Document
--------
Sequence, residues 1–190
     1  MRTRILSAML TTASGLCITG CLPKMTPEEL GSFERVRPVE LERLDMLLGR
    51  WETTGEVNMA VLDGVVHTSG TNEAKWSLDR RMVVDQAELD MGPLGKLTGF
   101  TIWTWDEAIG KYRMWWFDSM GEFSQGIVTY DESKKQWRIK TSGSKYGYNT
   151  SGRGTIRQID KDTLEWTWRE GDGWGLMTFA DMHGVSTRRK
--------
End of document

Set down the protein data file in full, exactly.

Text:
Sequence, residues 1–190
     1  MRTRILSAML TTASGLCITG CLPKMTPEEL GSFERVRPVE LERLDMLLGR
    51  WETTGEVNMA VLDGVVHTSG TNEAKWSLDR RMVVDQAELD MGPLGKLTGF
   101  TIWTWDEAIG KYRMWWFDSM GEFSQGIVTY DESKKQWRIK TSGSKYGYNT
   151  SGRGTIRQID KDTLEWTWRE GDGWGLMTFA DMHGVSTRRK